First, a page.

How To Handle IRS Notices

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There is an IRS notice in your mailbox. What does it want? Do I have unpaid taxes? Do I have IRS problems? Now is not the time to panic. IRS issues have a resolution. Most IRS notices are easy enough to address. Millions of notices are mailed by the IRS each year. These are anything from default notices to corrections on tax returns. Every notice points to an issue and includes the details on how to resolve the matter. Collection process (CP) numbers are assigned to each notice. You may see the numbers on the left side of the notice’s tear-off stub or at the top of the first page of the notice. The most common notices are:

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  • CP12 – Overpayment of at least $1 (Math error)
  • CP14 – Balance due
  • CP49 – Overpaid tax (applied to other taxes you owe)
  • CP90 – Final notice – Notice of intent to levy
  • CP91 – Final notice before levy on Social Security benefits
  • CP161 – No math error, balance due
  • CP297 – Final notice – Notice of your right to a hearing (CP90 & CP297 are sent simultaneously)
  • CP298 – Final notice of intent to levy on Social Security benefits (CP91 & CP298 are sent simultaneously)
  • CP501 – Balance due reminder notice
  • CP504 – Balance due urgent notice
  • CP523 – Installment agreement notice of default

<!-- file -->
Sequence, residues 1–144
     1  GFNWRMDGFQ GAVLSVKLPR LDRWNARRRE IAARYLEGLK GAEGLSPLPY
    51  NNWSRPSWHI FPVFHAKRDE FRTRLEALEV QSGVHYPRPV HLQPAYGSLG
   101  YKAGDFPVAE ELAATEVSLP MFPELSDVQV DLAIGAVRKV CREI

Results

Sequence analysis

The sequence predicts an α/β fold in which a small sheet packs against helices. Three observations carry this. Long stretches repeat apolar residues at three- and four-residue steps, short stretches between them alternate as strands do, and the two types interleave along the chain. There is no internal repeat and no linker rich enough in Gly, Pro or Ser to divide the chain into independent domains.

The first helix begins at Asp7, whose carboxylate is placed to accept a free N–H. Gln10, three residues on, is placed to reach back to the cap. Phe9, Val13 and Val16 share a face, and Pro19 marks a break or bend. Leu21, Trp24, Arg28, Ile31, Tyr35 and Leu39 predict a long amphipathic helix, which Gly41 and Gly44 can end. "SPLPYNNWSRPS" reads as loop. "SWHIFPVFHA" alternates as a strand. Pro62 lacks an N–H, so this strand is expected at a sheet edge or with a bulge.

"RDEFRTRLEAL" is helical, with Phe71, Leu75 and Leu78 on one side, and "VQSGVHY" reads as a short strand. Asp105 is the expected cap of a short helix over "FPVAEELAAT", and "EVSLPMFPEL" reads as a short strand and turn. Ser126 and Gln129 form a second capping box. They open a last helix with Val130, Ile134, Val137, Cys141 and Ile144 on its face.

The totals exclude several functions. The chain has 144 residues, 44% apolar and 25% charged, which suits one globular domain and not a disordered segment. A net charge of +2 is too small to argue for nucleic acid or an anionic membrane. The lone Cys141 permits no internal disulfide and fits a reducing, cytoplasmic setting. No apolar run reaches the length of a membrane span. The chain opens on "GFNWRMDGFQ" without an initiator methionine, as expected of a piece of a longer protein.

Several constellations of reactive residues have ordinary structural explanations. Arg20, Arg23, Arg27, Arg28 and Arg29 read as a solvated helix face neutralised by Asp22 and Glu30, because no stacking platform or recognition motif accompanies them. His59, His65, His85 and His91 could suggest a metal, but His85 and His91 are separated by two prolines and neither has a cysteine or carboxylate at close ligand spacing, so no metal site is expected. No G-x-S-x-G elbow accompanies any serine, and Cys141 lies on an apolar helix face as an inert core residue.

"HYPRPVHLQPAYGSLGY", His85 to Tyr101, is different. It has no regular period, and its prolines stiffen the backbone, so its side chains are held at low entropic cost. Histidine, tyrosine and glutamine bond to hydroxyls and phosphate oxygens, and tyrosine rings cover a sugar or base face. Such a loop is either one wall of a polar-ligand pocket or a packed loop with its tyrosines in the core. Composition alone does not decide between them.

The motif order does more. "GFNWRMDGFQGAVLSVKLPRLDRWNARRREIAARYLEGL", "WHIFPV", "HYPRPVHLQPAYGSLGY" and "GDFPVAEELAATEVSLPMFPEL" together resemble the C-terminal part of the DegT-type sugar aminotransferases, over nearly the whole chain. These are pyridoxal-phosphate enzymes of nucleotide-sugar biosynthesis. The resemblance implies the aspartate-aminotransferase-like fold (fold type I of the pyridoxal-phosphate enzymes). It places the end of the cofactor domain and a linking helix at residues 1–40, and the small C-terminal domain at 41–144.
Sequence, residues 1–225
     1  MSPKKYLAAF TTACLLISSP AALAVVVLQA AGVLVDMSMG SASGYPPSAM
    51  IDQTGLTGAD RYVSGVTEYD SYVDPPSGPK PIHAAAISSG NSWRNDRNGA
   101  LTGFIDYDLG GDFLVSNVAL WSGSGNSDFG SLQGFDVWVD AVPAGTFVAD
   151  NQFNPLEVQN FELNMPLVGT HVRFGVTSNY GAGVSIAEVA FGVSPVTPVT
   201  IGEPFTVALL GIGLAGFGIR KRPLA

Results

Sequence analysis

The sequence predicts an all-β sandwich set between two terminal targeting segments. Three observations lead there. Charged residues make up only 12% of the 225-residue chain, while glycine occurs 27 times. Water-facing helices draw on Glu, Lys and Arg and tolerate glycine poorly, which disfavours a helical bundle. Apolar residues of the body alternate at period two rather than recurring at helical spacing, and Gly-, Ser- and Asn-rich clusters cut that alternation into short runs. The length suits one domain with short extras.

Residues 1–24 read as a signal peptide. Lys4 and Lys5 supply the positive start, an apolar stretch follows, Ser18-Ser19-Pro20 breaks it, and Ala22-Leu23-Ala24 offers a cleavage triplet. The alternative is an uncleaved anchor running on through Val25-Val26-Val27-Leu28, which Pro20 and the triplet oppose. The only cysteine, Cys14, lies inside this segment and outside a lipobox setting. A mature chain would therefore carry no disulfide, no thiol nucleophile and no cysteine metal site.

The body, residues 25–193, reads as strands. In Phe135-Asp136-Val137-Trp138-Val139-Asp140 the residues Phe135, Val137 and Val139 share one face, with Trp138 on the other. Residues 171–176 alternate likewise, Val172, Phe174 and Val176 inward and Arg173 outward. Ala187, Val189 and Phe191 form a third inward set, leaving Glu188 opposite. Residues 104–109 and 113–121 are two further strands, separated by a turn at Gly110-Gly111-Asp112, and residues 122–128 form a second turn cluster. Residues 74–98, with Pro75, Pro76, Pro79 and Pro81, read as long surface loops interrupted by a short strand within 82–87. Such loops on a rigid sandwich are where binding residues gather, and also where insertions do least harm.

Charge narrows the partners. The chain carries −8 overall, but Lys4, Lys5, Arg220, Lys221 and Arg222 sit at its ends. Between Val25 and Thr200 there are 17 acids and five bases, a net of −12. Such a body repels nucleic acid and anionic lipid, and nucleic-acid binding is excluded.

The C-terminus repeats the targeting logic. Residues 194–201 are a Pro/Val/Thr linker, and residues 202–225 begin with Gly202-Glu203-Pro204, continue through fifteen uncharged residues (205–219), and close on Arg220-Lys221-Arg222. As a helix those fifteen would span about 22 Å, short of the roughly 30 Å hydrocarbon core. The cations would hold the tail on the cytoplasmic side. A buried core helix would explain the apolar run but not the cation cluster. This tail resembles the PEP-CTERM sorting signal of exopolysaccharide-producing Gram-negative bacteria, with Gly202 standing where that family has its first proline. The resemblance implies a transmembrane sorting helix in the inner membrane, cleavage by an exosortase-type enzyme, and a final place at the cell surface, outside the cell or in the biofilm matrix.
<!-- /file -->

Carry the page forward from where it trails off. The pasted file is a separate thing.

• CP2000 – Notice of proposed adjustment for under/overpayment

You do not have to reply if you agree with the notice and don’t need to pay a balance. Send your payment using the information on the notice if you do need to pay a balance. You will not accrue any interest and penalties if you act promptly. If you do not agree with the purpose of the notice, you need to call the IRS as soon as possible and explain why you don’t agree. The notice will list a number. If you want, you can mail a written explanation but do it in a timely manner. When writing, you can include information and documentation that show the reason why you do not agree with the notice. The notice has a tear-off portion that must be attached. The IRS will respond within thirty days. The response may simply answer your questions or it may be another notice asking for more information. No reason to panic. Simply follow the instructions on the notice as told. Always keep copies of IRS correspondences.

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